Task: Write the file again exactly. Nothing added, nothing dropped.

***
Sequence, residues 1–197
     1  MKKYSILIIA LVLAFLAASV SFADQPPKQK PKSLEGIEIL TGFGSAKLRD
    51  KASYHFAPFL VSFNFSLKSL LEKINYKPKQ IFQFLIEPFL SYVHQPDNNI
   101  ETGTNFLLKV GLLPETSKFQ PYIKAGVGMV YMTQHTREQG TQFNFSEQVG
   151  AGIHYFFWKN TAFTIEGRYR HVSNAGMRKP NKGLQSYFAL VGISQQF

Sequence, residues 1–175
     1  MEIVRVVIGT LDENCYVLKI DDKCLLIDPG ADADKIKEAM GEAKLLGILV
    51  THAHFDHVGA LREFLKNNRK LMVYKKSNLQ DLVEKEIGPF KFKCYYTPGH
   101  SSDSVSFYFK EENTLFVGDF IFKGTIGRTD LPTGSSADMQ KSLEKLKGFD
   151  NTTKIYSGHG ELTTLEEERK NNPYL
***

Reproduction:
Sequence, residues 1–197
     1  MKKYSILIIA LVLAFLAASV SFADQPPKQK PKSLEGIEIL TGFGSAKLRD
    51  KASYHFAPFL VSFNFSLKSL LEKINYKPKQ IFQFLIEPFL SYVHQPDNNI
   101  ETGTNFLLKV GLLPETSKFQ PYIKAGVGMV YMTQHTREQG TQFNFSEQVG
   151  AGIHYFFWKN TAFTIEGRYR HVSNAGMRKP NKGLQSYFAL VGISQQF

Sequence, residues 1–175
     1  MEIVRVVIGT LDENCYVLKI DDKCLLIDPG ADADKIKEAM GEAKLLGILV
    51  THAHFDHVGA LREFLKNNRK LMVYKKSNLQ DLVEKEIGPF KFKCYYTPGH
   101  SSDSVSFYFK EENTLFVGDF IFKGTIGRTD LPTGSSADMQ KSLEKLKGFD
   151  NTTKIYSGHG ELTTLEEERK NNPYL